Infectious diseases are one of the major drivers of coral reef decline worldwide. White plague-like disease (WPL) is a widespread disease with a complex etiology that infects several coral species, including the Brazilian endemic species Mussismilia braziliensis. Gene expression profiles of healthy and WPL-affected M. braziliensis were analyzed in winter and summer seasons. The de novo assembly of the M. braziliensis transcriptome from healthy and white plague samples produced a reference transcriptome containing 119,088 transcripts. WPL-diseased samples were characterized by repression of immune system and cellular defense processes. Autophagy and cellular adhesion transcripts were also repressed in WPL samples, suggesting exhaustion of the coral host defenses. Seasonal variation leads to plasticity in transcription with upregulation of intracellular signal transduction, apoptosis regulation, and oocyte development in the summer. Analysis of the active bacterial rRNA indicated that Pantoea bacteria were more abundant in WPL corals, while Tistlia, Fulvivirga, and Gammaproteobacteria Ga0077536 were more abundant in healthy samples. Cyanobacteria proliferation was also observed in WPL, mostly in the winter. These results indicate a scenario of dysbiosis in WPL-affected M. braziliensis, with the loss of potentially symbiotic bacteria and proliferation of opportunistic microbes after the start of the infection process.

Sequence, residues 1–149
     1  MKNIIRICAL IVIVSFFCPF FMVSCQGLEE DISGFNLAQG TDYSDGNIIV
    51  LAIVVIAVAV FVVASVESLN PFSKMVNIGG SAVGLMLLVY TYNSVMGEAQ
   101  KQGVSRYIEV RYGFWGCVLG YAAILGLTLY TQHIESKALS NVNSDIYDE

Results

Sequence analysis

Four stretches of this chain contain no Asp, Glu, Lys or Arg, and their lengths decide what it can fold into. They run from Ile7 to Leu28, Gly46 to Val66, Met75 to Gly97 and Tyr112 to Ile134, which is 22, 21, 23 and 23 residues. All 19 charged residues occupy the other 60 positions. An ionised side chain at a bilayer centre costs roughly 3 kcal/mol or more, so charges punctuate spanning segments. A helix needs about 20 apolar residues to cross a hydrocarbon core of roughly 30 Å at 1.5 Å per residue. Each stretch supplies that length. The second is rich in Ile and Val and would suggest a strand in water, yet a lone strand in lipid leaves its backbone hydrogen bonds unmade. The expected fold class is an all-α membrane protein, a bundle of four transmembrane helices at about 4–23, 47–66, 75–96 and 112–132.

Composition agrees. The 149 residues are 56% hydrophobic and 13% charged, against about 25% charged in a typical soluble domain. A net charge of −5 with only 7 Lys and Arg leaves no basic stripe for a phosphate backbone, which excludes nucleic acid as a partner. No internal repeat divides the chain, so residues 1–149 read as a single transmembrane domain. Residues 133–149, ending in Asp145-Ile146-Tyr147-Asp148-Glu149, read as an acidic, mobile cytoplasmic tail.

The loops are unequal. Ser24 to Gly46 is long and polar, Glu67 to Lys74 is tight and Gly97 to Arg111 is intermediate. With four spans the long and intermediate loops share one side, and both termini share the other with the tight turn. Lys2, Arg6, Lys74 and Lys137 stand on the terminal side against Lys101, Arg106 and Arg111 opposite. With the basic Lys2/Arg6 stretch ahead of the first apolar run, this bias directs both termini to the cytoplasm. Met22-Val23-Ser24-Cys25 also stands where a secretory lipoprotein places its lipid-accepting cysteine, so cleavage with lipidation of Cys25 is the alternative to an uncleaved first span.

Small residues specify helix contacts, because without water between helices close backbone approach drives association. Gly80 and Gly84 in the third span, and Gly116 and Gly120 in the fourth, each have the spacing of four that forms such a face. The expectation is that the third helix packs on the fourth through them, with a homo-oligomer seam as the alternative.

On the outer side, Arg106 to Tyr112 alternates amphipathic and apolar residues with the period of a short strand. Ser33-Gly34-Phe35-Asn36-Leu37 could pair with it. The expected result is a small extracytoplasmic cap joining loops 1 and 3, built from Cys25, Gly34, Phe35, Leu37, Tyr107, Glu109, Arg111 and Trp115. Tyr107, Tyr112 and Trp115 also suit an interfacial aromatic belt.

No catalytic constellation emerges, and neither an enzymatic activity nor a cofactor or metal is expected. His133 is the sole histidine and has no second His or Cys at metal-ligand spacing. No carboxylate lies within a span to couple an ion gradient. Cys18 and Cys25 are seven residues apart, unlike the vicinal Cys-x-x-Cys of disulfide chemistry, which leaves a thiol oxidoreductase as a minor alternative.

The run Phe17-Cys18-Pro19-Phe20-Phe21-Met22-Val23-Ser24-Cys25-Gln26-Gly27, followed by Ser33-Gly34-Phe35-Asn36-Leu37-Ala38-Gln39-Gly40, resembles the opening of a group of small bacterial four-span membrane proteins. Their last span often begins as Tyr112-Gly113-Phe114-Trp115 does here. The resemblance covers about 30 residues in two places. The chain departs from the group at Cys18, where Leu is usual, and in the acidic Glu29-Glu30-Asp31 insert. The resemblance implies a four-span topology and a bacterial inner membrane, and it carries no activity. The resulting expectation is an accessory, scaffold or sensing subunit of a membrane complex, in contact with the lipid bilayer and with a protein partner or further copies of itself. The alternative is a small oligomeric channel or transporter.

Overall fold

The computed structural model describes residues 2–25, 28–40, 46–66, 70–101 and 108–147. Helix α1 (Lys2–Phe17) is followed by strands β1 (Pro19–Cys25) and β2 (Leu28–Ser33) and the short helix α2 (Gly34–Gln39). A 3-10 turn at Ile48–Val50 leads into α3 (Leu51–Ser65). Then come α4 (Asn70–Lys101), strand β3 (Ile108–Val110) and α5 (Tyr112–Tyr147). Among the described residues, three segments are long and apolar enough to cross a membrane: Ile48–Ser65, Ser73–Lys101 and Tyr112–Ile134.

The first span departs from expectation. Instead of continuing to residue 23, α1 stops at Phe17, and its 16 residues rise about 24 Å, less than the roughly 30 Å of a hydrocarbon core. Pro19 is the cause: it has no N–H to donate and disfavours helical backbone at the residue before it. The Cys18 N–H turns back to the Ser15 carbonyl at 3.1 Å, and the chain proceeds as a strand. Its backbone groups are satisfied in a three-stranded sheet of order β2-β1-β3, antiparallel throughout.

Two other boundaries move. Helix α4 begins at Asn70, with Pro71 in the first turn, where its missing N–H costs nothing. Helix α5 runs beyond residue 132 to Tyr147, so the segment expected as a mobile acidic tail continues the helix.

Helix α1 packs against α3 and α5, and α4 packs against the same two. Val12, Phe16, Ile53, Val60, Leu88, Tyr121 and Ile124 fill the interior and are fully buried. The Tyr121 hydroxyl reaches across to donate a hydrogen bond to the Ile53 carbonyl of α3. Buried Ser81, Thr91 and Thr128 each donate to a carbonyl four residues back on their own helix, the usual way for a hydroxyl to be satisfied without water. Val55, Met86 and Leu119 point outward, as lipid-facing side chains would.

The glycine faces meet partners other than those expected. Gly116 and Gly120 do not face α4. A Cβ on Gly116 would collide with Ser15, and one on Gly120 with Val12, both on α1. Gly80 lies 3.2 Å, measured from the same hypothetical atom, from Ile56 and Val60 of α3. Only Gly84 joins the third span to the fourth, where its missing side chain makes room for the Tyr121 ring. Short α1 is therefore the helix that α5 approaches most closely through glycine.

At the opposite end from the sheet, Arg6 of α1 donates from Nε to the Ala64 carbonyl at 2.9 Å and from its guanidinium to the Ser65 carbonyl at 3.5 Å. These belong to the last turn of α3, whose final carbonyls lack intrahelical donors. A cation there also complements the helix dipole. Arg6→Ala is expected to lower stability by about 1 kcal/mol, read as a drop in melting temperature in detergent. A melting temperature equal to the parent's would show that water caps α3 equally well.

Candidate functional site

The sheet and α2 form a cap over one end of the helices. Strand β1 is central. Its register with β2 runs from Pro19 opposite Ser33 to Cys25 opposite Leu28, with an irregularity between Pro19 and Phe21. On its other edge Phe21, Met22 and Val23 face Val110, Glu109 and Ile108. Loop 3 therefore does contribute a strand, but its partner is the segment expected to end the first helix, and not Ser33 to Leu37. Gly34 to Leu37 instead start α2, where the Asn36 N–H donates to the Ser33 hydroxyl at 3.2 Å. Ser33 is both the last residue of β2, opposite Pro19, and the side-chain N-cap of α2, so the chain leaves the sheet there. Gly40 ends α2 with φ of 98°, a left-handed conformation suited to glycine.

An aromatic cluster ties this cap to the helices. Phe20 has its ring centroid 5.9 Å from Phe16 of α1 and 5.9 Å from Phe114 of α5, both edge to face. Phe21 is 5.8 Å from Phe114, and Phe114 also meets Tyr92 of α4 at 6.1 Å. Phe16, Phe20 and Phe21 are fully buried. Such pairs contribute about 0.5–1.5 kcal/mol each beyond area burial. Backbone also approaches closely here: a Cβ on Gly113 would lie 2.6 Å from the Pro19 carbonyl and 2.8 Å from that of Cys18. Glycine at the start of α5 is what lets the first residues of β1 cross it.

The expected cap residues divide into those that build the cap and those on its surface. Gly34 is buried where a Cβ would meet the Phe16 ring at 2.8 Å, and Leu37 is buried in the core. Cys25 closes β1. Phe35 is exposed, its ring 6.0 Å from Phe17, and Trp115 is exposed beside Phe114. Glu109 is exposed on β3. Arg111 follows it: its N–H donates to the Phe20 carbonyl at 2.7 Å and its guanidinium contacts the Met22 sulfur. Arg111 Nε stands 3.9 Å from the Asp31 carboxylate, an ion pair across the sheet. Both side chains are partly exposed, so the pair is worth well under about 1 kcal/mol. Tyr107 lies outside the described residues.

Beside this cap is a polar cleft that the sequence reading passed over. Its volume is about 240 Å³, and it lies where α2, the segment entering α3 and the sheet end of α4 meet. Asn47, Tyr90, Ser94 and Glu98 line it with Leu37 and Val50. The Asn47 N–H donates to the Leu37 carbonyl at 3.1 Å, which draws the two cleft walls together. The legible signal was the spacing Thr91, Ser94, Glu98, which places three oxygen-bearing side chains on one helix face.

All Science Journal Classification (ASJC) codes
- Ecology, Evolution, Behavior and Systematics
- Soil Science